Thromboxane Governs the Differentiation of Adipose-Derived Stromal Cells Toward Endothelial Cells In Vitro and In Vivo
Rationale: Autologous adipose-derived stromal cells (ASCs) offer great promise as angiogenic cell therapy for ischemic diseases. Due to their limited self-renewal capacity and pluripotentiality, the therapeutic efficacy of ASCs is still relatively low. Thromboxane (Tx) has been shown to play an important role in the maintenance of vascular homeostasis. However, little is known about the effects of Tx on ASC-mediated angiogenesis.
Objective: To explore the role of the Tx receptor (TP) in mediating the angiogenic capacity of ASCs in vivo.
Methods and Results:: ASCs were prepared from mouse epididymal fat pads and induced to differentiate into endothelial cells (ECs) by vascular endothelial growth factor (VEGF). Cyclooxygenase-2 (COX-2) expression, Tx production, and TP expression were upregulated in ASCs upon VEGF treatment. Genetic deletion or pharmacological inhibition of TP in mouse or human ASCs accelerated EC differentiation and increased tube formation in vitro, enhanced angiogenesis in in vivo Matrigel plugs and ischemic mouse hindlimbs. TP deficiency resulted in a significant cellular accumulation of β-catenin by suppression of calpain-mediated degradation in ASCs. Knockdown of β-catenin completely abrogated the enhanced EC differentiation of TP-deficient ASCs, while inhibition of calpain reversed the suppressed angiogenic capacity of TP re-expressed ASCs. Moreover, TP was coupled with Gαq to induce calpain-mediated suppression of β-catenin signaling through calcium influx in ASCs.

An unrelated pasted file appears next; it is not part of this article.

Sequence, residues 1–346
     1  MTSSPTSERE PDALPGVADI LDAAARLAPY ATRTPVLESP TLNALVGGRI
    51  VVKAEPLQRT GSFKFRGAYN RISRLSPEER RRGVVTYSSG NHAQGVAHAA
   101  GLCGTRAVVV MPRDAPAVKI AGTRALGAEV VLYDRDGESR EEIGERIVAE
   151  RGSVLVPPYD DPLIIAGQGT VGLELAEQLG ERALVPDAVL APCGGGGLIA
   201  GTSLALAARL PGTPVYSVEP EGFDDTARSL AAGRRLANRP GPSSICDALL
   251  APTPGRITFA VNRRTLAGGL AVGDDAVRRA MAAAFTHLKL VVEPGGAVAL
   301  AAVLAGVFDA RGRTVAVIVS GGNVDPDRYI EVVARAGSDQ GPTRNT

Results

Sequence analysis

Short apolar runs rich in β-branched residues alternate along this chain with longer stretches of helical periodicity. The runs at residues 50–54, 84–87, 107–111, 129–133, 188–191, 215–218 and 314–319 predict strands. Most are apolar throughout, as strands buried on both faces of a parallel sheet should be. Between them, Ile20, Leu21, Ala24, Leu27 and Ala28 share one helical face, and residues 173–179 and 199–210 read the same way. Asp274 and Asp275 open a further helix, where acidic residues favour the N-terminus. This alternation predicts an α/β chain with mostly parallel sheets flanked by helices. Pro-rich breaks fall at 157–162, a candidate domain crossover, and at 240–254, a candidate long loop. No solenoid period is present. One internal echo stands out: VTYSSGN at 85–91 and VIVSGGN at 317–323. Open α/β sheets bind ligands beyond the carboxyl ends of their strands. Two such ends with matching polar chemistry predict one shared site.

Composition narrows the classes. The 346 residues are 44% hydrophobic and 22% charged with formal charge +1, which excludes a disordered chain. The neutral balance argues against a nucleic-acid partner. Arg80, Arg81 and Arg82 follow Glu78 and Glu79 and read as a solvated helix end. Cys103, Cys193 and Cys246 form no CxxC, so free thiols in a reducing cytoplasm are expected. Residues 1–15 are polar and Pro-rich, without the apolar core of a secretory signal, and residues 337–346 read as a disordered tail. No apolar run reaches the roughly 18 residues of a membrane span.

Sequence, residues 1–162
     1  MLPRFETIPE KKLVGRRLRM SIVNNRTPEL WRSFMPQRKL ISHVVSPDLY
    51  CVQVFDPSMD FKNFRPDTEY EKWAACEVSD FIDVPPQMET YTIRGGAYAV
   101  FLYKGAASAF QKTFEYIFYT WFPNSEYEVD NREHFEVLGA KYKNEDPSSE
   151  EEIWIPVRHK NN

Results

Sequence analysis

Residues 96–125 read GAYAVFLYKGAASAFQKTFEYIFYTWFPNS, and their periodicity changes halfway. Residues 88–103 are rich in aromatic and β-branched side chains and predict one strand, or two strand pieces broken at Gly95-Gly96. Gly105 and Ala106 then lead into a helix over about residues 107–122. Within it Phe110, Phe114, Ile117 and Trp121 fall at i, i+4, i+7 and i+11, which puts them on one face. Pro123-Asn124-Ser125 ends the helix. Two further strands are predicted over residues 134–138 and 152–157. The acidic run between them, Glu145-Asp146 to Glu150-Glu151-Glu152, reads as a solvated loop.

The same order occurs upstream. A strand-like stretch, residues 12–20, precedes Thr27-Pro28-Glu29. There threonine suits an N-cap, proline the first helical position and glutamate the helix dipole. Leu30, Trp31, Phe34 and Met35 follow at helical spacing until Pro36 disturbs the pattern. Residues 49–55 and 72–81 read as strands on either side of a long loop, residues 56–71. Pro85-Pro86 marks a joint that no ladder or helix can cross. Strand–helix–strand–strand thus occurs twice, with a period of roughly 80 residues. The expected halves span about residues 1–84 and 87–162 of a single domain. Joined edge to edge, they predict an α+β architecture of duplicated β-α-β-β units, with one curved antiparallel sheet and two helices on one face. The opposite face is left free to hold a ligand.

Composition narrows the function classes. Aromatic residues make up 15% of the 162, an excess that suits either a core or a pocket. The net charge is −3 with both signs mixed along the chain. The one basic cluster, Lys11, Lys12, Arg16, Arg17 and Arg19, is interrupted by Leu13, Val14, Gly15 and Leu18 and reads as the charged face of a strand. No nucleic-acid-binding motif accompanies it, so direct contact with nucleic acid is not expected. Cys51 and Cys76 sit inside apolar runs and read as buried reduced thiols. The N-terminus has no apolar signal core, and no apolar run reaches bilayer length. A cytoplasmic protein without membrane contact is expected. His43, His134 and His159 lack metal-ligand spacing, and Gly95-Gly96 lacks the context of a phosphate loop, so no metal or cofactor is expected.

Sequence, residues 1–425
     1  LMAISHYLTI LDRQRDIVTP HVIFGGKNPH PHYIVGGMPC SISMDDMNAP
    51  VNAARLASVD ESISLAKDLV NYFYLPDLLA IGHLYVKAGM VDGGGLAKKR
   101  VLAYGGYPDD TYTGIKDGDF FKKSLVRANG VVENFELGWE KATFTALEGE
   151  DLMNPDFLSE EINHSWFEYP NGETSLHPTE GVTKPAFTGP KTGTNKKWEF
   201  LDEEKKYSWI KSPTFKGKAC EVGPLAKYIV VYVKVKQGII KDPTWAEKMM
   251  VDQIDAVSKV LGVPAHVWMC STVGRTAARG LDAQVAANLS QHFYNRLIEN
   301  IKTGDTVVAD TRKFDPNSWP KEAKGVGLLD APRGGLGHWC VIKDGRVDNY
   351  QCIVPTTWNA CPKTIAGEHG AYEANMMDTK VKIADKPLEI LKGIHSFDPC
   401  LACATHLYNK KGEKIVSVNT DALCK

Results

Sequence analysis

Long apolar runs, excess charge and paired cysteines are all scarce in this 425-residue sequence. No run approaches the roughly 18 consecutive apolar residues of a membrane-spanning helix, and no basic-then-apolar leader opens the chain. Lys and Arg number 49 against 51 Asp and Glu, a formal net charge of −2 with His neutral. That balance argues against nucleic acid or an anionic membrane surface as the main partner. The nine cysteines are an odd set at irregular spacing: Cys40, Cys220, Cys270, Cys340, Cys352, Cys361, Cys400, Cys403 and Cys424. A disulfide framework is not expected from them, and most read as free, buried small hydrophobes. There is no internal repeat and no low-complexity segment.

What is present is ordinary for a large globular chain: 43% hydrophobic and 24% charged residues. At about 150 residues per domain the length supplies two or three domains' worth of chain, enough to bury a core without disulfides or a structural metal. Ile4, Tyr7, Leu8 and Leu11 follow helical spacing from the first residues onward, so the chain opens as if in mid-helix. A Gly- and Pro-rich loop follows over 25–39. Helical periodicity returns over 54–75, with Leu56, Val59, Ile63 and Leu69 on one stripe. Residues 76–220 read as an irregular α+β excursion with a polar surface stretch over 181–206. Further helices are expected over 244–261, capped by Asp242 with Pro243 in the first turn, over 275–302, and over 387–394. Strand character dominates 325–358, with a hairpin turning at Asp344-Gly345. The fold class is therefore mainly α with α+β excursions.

Conclusions: Tx restrained EC differentiation of ASCs through TP-mediated repression of the calpain-dependent β-catenin signaling pathway. These results indicate TP inhibition could be a promising strategy for therapy utilizing ASCs in the treatment of ischemic diseases.
- thromboxane-prostanoid receptor
- adipose-derived stromal cells
- adipose tissue
- Received October 17, 2015.
- Revision received March 2, 2016.
- Accepted March 8, 2016.